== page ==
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Whole-body Vibration Is As Effective As Exercise in Mice, Study Shows


Dr. Jasper Sidhu demonstrates the "WAVE" (Whole Body Advanced Vibration Exercise) machine. Jim Ross/Toronto Star via Getty Images
Dr. Jasper Sidhu demonstrates the "WAVE" (Whole Body Advanced Vibration Exercise) machine. Jim Ross/Toronto Star via Getty Images

Well-meaning friends bugging you about exercising? It's OK, just shake it off. Literally.

According to a new study in the journal Endocrinology, a whole lotta shakin' may help male mice that have a deficiency of leptin (a hormone that regulates hunger responses and helps the body maintain weight) shed weight.

Whole-body vibration (WBV) transmits energy to the body, contracting and relaxing muscles many times every second. WBV platforms vibrate at specific frequencies purportedly to stimulate the hormonal, cardiovascular and nervous systems. Previous studies have reported its positive metabolic effects, so the researchers set out to determine whether this process could be as effective as exercise at treating the effects of obesity and diabetes. Imagine sitting, standing or lying down on a vibrating platform instead of pounding the pavement!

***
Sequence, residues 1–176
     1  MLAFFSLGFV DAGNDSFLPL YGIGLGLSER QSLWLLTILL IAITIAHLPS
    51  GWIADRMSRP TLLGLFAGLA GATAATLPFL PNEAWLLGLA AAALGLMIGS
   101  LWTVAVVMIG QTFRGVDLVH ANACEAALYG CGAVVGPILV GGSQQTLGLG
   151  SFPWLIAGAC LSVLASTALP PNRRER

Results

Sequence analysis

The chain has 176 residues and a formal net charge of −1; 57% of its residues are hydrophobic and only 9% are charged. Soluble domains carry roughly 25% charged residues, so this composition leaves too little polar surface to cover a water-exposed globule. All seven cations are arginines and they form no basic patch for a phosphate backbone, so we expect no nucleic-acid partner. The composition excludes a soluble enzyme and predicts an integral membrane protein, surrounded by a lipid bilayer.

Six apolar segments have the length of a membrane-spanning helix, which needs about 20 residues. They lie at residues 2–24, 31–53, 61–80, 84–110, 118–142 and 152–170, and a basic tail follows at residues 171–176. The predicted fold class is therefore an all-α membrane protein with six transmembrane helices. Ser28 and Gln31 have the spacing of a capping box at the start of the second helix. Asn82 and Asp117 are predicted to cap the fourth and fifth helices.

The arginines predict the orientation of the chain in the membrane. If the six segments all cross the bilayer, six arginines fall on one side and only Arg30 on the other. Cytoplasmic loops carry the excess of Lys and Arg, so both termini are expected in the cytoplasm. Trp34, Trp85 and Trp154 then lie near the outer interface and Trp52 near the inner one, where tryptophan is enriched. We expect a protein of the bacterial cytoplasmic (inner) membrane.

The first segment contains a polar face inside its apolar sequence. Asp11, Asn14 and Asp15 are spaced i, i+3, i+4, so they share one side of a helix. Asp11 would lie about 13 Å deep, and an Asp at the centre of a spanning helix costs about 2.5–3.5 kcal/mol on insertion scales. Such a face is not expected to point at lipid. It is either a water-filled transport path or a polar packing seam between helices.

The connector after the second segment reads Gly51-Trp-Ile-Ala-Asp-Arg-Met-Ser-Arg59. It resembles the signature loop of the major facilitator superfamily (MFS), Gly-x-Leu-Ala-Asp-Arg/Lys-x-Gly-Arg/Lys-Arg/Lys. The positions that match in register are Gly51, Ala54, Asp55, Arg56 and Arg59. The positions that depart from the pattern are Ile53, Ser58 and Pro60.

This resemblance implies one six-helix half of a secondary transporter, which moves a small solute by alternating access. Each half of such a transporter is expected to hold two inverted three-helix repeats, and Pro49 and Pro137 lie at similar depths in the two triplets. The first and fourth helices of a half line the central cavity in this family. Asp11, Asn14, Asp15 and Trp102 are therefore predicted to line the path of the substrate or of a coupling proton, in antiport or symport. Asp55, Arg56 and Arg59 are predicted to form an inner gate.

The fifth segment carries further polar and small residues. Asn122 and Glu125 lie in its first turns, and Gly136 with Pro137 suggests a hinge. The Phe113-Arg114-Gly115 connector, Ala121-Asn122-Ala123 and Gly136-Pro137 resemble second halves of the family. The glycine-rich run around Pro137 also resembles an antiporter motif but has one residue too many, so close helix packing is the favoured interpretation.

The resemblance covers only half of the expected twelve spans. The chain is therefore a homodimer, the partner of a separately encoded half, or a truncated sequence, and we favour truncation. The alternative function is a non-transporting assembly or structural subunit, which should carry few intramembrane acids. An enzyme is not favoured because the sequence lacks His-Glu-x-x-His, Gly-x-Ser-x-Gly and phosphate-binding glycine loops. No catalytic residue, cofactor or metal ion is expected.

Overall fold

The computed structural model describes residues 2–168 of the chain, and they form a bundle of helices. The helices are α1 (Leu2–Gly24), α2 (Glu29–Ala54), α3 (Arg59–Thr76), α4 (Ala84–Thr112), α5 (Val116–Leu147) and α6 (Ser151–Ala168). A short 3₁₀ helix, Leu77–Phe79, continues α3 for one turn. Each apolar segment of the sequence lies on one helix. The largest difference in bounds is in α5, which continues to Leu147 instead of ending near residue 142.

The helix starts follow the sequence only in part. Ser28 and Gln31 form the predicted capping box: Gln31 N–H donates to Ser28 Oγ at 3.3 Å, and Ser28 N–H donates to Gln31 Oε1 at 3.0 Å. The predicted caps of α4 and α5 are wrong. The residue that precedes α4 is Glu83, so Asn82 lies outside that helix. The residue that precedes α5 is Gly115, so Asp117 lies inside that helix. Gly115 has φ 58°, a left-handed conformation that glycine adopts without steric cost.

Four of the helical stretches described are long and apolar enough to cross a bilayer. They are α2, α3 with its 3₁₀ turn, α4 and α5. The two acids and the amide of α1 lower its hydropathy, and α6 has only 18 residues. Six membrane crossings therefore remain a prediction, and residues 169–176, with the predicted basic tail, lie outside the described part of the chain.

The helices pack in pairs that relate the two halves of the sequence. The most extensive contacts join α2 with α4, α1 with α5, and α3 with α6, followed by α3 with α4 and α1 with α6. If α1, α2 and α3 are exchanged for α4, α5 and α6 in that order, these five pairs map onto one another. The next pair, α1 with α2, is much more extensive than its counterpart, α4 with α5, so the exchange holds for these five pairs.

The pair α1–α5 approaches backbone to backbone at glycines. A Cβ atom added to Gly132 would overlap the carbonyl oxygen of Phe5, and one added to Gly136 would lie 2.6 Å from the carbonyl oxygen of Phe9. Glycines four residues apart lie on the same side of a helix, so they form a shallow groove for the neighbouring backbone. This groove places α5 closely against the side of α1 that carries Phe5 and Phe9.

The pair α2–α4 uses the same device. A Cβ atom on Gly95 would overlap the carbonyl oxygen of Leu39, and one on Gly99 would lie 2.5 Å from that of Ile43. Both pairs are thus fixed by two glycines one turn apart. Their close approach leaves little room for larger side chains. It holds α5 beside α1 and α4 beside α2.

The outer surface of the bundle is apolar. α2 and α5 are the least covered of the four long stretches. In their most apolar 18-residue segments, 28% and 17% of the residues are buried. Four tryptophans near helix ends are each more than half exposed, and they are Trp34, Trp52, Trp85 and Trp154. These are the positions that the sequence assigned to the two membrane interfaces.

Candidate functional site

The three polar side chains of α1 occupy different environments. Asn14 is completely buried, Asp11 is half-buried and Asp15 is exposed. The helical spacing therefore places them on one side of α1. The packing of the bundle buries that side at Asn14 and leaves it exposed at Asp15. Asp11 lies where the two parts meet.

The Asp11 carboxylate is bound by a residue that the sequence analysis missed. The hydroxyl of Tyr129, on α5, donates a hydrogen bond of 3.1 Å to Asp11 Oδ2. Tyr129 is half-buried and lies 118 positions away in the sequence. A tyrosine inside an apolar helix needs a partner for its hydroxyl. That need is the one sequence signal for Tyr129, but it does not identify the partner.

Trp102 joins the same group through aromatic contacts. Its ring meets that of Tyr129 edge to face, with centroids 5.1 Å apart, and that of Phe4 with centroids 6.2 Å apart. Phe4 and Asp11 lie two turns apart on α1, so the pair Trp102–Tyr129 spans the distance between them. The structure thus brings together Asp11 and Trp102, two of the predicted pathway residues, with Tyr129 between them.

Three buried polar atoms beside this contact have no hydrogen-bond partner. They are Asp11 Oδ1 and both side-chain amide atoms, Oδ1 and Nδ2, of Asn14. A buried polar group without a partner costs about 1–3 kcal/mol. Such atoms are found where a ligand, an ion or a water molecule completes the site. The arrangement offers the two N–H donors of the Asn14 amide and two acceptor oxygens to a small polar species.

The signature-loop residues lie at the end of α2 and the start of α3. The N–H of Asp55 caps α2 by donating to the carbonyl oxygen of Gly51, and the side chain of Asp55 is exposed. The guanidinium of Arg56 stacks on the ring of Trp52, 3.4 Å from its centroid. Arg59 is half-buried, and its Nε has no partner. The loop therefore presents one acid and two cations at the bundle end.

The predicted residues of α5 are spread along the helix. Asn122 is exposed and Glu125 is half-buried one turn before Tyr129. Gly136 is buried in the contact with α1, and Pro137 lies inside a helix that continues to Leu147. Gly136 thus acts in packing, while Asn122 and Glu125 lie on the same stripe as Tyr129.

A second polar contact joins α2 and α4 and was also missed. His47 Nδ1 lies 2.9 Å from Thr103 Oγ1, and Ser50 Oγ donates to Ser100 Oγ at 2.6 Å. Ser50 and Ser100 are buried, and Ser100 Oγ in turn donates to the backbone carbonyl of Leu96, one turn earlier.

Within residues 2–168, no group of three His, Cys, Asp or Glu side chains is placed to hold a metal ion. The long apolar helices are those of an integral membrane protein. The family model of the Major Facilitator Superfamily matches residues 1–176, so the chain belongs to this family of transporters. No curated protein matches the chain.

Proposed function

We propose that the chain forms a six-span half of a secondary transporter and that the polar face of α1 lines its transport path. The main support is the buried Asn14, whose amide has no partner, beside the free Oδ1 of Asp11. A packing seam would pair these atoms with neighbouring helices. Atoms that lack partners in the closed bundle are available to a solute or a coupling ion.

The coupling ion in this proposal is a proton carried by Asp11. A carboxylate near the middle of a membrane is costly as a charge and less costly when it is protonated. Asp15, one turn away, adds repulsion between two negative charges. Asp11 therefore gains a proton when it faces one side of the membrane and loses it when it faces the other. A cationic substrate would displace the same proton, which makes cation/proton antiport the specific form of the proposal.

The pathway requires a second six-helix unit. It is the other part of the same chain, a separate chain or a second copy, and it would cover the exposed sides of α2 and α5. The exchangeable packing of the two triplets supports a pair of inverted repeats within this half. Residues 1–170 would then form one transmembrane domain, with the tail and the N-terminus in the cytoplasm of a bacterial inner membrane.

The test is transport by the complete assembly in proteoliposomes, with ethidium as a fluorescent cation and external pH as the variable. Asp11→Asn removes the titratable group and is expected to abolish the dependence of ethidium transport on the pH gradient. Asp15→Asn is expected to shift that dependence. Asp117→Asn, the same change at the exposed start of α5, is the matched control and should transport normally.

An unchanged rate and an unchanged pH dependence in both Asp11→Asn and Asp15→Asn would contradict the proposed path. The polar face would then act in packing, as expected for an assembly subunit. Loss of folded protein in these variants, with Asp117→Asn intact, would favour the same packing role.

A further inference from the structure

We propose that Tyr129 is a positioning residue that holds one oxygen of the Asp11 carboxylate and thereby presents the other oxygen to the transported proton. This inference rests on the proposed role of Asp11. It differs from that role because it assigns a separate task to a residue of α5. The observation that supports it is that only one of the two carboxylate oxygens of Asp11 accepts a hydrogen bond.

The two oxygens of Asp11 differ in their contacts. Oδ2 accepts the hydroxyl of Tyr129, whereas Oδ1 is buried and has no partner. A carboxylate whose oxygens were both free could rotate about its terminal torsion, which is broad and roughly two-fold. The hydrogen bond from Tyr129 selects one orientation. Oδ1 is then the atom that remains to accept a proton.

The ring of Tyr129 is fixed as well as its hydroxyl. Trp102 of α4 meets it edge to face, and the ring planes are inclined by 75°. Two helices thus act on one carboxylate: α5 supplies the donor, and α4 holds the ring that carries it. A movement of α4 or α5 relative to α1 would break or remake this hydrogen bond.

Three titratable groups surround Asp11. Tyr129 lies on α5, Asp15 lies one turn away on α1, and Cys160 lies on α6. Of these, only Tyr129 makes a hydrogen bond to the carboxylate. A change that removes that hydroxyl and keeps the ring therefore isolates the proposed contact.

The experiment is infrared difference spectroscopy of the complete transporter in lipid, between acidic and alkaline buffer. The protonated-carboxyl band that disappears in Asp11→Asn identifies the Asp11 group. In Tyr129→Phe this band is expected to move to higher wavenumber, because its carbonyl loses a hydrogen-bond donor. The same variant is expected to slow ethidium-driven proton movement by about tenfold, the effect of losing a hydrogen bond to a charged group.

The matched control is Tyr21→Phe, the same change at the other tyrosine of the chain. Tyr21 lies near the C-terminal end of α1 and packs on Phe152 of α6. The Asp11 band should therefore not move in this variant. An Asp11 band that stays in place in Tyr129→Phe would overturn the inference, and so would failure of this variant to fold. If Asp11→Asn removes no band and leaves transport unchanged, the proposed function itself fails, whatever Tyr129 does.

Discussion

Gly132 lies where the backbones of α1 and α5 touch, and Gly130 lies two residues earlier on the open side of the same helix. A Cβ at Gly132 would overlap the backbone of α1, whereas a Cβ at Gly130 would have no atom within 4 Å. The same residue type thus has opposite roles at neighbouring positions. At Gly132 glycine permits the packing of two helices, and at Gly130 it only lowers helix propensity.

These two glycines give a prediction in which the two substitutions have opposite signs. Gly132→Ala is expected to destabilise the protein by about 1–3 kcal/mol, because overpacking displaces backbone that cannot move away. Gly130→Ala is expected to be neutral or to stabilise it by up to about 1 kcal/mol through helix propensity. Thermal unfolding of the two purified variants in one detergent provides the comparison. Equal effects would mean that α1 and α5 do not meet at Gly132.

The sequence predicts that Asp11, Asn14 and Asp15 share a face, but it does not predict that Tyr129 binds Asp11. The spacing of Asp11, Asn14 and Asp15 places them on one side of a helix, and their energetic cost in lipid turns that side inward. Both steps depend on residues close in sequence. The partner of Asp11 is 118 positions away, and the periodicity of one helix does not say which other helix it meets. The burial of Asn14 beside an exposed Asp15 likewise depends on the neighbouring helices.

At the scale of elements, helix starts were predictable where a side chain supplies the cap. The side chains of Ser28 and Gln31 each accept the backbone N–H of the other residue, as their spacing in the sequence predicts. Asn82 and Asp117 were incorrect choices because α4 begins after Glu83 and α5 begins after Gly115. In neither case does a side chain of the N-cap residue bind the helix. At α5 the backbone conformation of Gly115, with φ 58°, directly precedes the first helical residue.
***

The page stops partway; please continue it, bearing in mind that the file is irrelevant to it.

More than one-third of U.S. adults are obese, and almost 30 million Americans have diabetes. And the link between the two conditions is strong: 85.2 percent of people with type 2 diabetes are overweight or obese, according to the American Diabetes Association. In the study, both normal and obese mice completed a 12-week exercise program. They were assigned to do 20 minutes of WBV per day, 45 minutes on a treadmill daily or to be sedentary.

The researchers concluded that WBV can mimic the benefits of exercising regularly for muscle and bone health, and could potentially help morbidly obese humans' metabolism. In the study, obese mice who exercised or did WBV gained less weight than the sedentary obese mice. In fact, metabolic benefits were almost the same for genetically obese and diabetic mice from both WBV and those exercising on the treadmill.

Sure, we're just talking about mice here. In people, the benefits of WBV are debatable. In 2004, a different research team compared WBV and fitness training in a group of 48 untrained human females. The findings, published in the International Journal of Sports Medicine, indicated no significant changes in weight, percentage of body fat or even skinfold thickness for Team WBV after 24 weeks of training. However,  WBV has been shown to reduce the effects of aging on the skeletal muscles. Perhaps for now, the effectiveness of WBV is simply a difference of mice and men.



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